My son’s 15 year old cat quietly passed during the night. His 2 year old dog spent days wandering around the house looking for her. Animals know love, and Bailey has felt your love and returned it. Wishing you strength and ease through this process.

    • Lauren B. Davis on November 19, 2022 at 6:13 pm

      Thanks, Linda. Yes, they do know. That’s for certain. I hope we can all pass quietly in the night. No muss, no fuss, no bother.

  7. Pamela Capraru on November 20, 2022 at 3:44 am

    Thank you for articulating this particular grief so well. When the time comes, if you need to help him onward, I found a mobile vet in Toronto who came to the house. My cat Layla died quietly, in the comfort of home and in my arms. I will always choose this way from now on.

    • Lauren on November 20, 2022 at 7:53 am

      Thank you, Pam. Here in Princeton I have also found a vet who’ll come to my house if I need her. Sigh. It’s her entire job, helping pets pass without pain. I can’t imagine.

  8. Ron Davis on November 20, 2022 at 10:32 am

    Beautifully expressed my love. Ron

    • Lauren B. Davis on November 20, 2022 at 10:33 am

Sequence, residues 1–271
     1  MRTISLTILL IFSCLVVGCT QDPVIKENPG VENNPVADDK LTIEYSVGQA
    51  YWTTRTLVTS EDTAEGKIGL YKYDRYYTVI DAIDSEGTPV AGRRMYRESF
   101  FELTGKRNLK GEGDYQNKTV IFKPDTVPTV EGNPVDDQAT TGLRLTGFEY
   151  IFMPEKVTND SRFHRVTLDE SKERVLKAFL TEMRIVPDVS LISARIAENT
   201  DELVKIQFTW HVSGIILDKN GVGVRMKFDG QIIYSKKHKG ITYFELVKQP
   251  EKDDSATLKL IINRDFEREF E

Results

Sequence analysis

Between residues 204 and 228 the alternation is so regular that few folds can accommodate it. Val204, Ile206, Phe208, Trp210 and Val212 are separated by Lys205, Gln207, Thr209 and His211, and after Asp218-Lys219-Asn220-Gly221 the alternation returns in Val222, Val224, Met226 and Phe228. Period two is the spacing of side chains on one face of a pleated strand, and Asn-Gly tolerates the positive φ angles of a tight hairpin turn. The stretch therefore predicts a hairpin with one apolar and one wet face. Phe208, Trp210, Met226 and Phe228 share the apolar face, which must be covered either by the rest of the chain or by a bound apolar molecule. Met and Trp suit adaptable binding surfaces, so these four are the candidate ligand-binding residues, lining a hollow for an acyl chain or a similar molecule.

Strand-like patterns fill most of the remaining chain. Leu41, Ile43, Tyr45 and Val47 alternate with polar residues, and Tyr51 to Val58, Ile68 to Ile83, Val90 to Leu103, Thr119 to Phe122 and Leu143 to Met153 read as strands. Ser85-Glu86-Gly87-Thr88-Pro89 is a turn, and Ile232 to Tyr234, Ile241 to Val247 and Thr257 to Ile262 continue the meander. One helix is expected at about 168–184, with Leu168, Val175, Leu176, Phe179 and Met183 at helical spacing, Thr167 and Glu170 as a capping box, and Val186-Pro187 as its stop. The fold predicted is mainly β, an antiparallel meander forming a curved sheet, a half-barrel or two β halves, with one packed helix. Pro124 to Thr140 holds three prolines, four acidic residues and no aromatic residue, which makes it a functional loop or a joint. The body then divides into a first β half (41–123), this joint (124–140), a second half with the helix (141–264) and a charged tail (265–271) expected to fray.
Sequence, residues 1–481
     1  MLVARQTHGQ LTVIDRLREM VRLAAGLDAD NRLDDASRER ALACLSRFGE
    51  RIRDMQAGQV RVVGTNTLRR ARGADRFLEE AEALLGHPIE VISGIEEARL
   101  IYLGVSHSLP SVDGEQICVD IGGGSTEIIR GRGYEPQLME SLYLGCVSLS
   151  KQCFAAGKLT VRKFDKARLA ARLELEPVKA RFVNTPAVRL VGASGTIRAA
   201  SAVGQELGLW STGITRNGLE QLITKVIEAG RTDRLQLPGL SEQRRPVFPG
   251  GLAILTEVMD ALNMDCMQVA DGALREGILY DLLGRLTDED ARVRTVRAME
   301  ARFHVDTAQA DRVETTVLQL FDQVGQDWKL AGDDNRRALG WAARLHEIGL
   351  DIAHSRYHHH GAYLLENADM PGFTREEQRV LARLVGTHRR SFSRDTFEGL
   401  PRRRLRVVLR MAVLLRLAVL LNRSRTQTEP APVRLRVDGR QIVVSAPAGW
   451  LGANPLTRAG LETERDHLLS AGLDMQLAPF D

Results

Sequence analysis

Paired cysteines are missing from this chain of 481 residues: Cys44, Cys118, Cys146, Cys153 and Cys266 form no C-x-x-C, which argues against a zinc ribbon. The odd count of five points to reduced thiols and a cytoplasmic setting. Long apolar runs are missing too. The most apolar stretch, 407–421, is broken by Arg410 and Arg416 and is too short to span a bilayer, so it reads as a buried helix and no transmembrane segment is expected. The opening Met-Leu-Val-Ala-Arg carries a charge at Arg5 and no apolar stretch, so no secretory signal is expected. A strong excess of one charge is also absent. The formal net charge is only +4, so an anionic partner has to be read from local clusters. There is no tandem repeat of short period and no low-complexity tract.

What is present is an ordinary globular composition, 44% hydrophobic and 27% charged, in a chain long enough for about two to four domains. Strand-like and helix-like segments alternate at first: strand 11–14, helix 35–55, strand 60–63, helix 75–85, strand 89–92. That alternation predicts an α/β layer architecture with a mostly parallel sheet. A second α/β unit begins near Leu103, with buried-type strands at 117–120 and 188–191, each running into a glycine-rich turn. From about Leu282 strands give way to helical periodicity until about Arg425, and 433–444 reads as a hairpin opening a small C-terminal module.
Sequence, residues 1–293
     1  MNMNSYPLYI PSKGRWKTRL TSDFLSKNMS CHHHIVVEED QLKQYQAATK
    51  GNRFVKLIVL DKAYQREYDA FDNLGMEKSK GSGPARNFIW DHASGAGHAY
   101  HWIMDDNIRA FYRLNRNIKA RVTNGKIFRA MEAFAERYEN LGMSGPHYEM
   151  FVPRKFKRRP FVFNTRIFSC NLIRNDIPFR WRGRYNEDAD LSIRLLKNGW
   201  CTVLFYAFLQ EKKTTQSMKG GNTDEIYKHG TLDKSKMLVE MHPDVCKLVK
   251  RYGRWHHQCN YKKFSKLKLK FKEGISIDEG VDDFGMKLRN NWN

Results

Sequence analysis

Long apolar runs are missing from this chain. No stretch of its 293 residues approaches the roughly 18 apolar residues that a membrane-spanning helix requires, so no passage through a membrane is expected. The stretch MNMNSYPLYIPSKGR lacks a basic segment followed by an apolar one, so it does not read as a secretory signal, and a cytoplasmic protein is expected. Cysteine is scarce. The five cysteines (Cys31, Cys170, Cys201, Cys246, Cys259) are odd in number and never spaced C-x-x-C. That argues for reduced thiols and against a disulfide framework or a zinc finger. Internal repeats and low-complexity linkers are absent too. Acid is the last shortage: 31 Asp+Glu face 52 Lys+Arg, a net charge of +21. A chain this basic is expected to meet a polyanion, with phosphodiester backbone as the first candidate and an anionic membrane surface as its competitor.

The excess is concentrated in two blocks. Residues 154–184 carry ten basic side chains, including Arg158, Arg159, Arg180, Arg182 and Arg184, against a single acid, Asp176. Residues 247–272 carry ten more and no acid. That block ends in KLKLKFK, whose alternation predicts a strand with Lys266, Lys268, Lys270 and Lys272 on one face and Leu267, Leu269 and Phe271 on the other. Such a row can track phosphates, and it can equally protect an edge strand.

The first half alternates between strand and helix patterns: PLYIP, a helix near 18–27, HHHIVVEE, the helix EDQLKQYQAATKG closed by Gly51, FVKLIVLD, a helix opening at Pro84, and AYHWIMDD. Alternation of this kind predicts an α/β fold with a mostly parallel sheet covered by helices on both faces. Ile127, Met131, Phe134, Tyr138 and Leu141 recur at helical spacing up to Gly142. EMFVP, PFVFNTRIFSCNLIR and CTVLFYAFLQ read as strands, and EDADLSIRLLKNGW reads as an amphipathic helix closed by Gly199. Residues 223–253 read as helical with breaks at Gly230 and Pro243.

thanks, my love. And thank God for you. We’ll get through this together.

  9. LeeAnn Boyd on November 29, 2022 at 5:12 pm

    We love you, Bailey. So glad you have had all these extra days. Cozy sleep, cuddles, sniffs, walks…
    Lauren, there are no words, but I have had two beloved pets euthanized ,cradled in my arms. I seem to be okay with it. I grieve, but always feel like I am honouring my sacred trust to always take care of them. I feel the grief, but not the guilt. I hope your heart tells you what Bailey needs from you. Reading about the special bond between you and Bailey has been one of the most beautiful things I have experienced. You have each grown and blossomed from that special connection, and that never dies.
    Love, LeeAnn and Yankee.
    ( Yankee doing very well, another miracle of many bonus days after a terminal diagnosis)

    • Lauren on November 29, 2022 at 6:01 pm

      Thanks so much, LeeAnn. You and Yankee are inspirations to us. xo

  10. Anne Moore on November 30, 2022 at 10:27 pm